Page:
Sask. deputy chief retracts statement that ‘prematurely’ supported Mary Ellen Turpel-Lafond’s parentage claims

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Aly Bear, deputy chief of the Federation of Sovereign Indian Nations (FSIN), says she acted prematurely when she signed a public statement of support for Mary Ellen Turpel-Lafond following the publication of a CBC story that questioned Turpel- Lafond’s claim to natives. provenance.

On 12 Oct. a CBC investigation presented evidence that Turpel-Lafond’s decades-long claim to be a Treaty Indian of Cree descent was in doubt.

Following the publication, several indigenous organizations, including the FSIN, issued news releases offering support to Turpel-Lafond.

FSIN represents Saskatchewan’s First Nations.

FSIN’s statement said it “supports our First Nations governments and their inherent right to determine their membership and citizenship according to their customs, practices and traditions. I stand with the Muskeg Lake Cree Nation and its member, Mary Ellen Turpel-Lafond.”

It was signed by Deputy Chief Aly Bear.

Bjørn now says she regrets it.

“Since then, new information has come to my attention and I wish to retract my earlier statement,” she wrote Thursday. “I apologize for this statement.”

On the same day that the CBC published its investigation into Mary Ellen Turpel-Lafond, the FSIN issued this statement. (Federation of Sovereign Indigenous Nations)

While Bear won’t say what new information made her change her mind, she says she no longer believes Turpel-Lafond is Indigenous.

“It has been determined that Mary Ellen Turpel-Lafond’s ancestry has no connection to native roots,” she wrote. “I do not support false claims of Indigenous identity by non-Indigenous peoples.”

False ancestry claims ‘extremely offensive’

Bear, a member of the Whitecap Dakota First Nation in Saskatchewan, pointed out that while she has changed her mind about Turpel-Lafond, she still believes that “our nations have the sovereign right to determine their membership.”

Bear said the fact that Turpel-Lafond has had a successful career while falsely claiming Aboriginal ancestry is “extremely offensive.”

“These actions contribute to the barriers indigenous peoples face due to colonialism, intergenerational trauma and racism.”

On Facebook, Deputy Chief Aly Bear apologized for a statement she issued in support of Turpel-Lafond’s claims of Indigenous identity. (Vice Chief Aly Bear)

Bear said she is committed to working with others to stamp out false claims of ancestry.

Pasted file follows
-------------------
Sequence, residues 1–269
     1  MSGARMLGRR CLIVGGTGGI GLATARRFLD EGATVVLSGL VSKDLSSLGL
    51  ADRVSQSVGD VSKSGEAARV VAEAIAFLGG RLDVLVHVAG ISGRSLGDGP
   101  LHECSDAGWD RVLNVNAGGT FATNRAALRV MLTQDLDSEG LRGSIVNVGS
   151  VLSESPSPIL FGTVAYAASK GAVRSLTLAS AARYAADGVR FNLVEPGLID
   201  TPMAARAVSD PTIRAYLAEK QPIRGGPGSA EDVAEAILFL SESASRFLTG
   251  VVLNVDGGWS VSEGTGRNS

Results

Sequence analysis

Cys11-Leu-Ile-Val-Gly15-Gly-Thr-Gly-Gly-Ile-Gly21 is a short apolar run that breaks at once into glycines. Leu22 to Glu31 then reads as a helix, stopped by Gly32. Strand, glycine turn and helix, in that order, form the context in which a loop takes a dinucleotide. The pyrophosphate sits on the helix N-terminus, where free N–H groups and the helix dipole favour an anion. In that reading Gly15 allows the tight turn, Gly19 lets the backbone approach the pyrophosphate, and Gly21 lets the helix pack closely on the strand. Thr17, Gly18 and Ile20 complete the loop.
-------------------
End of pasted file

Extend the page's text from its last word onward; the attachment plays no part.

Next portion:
“We must continue to call out those who use Indigenous ancestry as a means to gain access to areas reserved for Indigenous people but with no real connection to Indigenous ancestry,” she wrote.

Union of BC chiefs offer ‘no comment’

After the CBC’s original story was published, the most strongly worded defense of Turpel-Lafond came from the Union of British Columbia Indian Chiefs (UBCIC). In its statement, the organization defended her as “a fierce, ethical and trailblazing advocate for Indigenous peoples for decades, including representing UBCIC for more than five years and a long working relationship before that.”

UBCIC and its chief Stewart Phillip, left, have defended Turpel-Lafond, center, as being “beyond reproach.” (RCYBC Twitter account)

This statement condemned the CBC’s story as “tabloid style”.

“Investigations into the ancestry of individuals, filled with personal photos and digs into private relationships, do not move justice, the implementation of rights and reconciliation forward,” the October 12 statement said.

Earlier this week, the CBC released the birth certificate of Turpel-Lafond’s father William Turpel, which says he was a natural-born child of British parents, not an adopted Cree boy of undetermined parentage, as Turpel-Lafond has claimed.

In the early hours of the following morning, the CBC received a message from a Gmail account in the name of Stewart Phillip UBCIC. Stewart Phillip is the name of the big boss of UBCIC.

“Trash. Yellow journalism. Tabloid shit. Misogyny!!” said the email.

CBC called Phillip on his personal cell phone to discuss the email, but he hung up.

The CBC then sent him a copy of that email and asked if he would be willing to discuss it.

“No comment,” was his response to multiple requests.

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